The difference between GTA 4 and GTA 5 epitomises both of these shifts. GTA 4 was a single-player focussed experience that tried to tell a serious story about characters that felt real in a world that felt grounded. It had a multiplayer mode, but it was a sideshow to the main event, and it took itself pretty seriously.

GTA 5 couldn’t be more different. One of its earliest missions sees you speeding along a highway, attempting to catch your son as he dangles from the rigging of a stolen yacht. Later missions see you piloting submarines and infiltrating top secret spy bases.

Its multiplayer turned from a sideshow into, if not the main event, then an equal part of the game’s appeal. GTA Online is the reason GTA 5 remains in the charts years after its original release, and while GTA 4 received two single-player expansion packs, GTA 5’s have all been for its multiplayer.

Games have changed, and for the most part me and my cousin changed with them.

While ten years ago we could afford to spend hours at a time lost in single-player experiences and grinding for rare loot, these days we’re each lucky if we can grab a couple of hours over the course of a whole week. Even during those two hours we rarely wanted to spend it alone, opting instead to use it to keep up with friends that have since moved further afield.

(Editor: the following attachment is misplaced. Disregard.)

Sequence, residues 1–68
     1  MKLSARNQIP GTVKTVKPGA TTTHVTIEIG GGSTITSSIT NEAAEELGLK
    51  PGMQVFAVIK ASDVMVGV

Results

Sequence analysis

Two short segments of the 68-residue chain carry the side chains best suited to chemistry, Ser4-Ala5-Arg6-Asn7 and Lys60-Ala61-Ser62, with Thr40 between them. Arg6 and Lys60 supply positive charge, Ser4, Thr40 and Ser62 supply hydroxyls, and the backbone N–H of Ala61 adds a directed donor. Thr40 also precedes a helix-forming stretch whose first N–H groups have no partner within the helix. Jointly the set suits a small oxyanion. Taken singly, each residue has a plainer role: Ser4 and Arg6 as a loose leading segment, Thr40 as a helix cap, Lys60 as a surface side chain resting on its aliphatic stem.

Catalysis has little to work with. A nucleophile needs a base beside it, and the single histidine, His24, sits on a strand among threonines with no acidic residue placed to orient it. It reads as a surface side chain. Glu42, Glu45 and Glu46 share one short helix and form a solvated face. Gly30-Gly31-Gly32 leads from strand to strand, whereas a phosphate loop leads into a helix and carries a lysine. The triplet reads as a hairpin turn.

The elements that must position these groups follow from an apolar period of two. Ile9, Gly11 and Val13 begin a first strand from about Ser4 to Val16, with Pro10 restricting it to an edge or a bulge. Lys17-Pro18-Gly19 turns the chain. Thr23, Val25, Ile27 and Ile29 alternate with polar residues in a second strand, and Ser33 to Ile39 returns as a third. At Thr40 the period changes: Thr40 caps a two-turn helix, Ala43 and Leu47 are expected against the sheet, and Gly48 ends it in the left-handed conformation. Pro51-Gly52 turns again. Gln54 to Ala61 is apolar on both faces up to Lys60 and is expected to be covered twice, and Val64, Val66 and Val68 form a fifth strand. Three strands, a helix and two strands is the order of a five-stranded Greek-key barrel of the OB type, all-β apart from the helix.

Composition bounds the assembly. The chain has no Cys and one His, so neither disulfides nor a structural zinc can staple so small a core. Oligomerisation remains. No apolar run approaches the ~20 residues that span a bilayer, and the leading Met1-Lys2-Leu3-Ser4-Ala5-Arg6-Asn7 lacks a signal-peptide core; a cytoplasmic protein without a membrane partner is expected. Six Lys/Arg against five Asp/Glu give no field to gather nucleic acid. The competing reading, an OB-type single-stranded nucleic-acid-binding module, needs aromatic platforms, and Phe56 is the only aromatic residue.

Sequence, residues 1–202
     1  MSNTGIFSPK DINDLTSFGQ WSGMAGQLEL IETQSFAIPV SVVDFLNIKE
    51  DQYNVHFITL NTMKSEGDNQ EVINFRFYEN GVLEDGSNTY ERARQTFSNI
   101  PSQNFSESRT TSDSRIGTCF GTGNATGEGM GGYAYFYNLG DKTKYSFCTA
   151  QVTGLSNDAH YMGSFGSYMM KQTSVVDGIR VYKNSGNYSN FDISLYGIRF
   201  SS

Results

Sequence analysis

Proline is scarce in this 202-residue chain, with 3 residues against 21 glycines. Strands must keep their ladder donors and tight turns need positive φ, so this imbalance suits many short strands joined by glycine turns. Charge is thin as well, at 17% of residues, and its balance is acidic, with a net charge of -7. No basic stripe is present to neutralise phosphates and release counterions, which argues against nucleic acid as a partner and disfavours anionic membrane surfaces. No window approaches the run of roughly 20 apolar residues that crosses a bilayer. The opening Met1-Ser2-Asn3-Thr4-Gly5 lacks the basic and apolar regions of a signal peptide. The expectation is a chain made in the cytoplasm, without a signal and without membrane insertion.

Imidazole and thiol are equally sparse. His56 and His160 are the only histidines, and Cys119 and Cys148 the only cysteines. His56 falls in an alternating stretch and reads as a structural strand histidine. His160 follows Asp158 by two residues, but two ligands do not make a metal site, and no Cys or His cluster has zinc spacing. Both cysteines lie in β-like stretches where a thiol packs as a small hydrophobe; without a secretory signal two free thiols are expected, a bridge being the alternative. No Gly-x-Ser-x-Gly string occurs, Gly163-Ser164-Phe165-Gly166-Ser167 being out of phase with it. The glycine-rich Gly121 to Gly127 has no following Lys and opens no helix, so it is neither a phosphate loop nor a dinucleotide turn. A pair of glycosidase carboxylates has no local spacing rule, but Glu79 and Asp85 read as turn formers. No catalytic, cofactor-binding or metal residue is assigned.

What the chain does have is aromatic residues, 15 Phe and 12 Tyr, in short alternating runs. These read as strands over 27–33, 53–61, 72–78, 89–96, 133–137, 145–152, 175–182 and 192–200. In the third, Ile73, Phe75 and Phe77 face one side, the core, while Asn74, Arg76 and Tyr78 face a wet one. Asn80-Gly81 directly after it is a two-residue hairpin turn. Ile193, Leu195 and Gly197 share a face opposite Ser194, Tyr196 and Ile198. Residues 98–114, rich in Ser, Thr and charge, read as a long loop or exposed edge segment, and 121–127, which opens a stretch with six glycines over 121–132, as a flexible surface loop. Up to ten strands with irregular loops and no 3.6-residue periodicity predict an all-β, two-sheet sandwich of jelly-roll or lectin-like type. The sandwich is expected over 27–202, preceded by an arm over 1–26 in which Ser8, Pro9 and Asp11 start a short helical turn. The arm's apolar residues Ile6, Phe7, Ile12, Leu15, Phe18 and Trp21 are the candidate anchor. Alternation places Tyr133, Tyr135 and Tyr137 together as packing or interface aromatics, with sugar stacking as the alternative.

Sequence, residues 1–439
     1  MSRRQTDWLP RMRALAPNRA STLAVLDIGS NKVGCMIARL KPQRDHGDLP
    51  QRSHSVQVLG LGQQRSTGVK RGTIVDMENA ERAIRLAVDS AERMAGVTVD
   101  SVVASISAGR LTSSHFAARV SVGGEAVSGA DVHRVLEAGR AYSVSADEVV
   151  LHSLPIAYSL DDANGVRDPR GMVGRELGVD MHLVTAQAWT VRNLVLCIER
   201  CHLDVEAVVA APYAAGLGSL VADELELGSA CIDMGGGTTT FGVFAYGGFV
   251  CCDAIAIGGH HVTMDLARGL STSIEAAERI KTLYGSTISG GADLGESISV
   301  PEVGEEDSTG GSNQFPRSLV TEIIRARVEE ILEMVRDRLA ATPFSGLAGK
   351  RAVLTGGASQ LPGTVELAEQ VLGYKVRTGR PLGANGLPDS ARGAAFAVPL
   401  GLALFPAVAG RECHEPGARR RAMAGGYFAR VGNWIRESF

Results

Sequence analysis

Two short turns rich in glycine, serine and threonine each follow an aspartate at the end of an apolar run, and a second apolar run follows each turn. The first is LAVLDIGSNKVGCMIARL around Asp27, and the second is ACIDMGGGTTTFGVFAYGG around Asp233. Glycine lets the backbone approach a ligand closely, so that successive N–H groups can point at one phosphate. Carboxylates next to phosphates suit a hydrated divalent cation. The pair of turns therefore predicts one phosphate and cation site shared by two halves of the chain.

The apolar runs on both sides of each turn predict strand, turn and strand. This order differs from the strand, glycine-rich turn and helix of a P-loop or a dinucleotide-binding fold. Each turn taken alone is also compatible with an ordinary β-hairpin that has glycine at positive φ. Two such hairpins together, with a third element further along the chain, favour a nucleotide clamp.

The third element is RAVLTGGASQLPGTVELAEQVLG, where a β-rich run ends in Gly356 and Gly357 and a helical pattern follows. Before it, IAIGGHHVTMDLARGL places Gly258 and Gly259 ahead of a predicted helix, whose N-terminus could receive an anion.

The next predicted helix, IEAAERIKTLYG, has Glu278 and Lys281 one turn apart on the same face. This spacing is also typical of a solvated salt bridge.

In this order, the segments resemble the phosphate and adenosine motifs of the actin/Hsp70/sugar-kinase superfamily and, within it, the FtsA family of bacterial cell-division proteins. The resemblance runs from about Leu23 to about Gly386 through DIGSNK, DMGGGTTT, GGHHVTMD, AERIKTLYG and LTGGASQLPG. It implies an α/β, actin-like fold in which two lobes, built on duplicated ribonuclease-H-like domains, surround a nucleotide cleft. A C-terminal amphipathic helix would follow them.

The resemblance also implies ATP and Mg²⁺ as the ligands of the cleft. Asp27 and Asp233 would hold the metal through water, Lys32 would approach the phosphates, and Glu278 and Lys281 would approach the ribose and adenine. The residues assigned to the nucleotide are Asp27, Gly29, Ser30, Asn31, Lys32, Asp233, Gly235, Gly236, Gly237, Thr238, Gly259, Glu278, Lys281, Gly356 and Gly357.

I’ll admit, I went bowling with my cousin after the name of this article popped into my head, the promise of reminiscing about one of my favourite years in gaming was an added bonus.

But the more I think about GTA 4, the more I think that it was the perfect game for its time. It was a game that was awkwardly trying to find what maturity meant for games, at the same time that we were doing the same things in our own lives. In retrospect it missed the mark, but so did we on more than one occasion.

GTA 4 defines gaming’s awkward adolescence. Ten years on, it’s not a game you should be desperate to return to, but it’s a game that you should be thankful exists.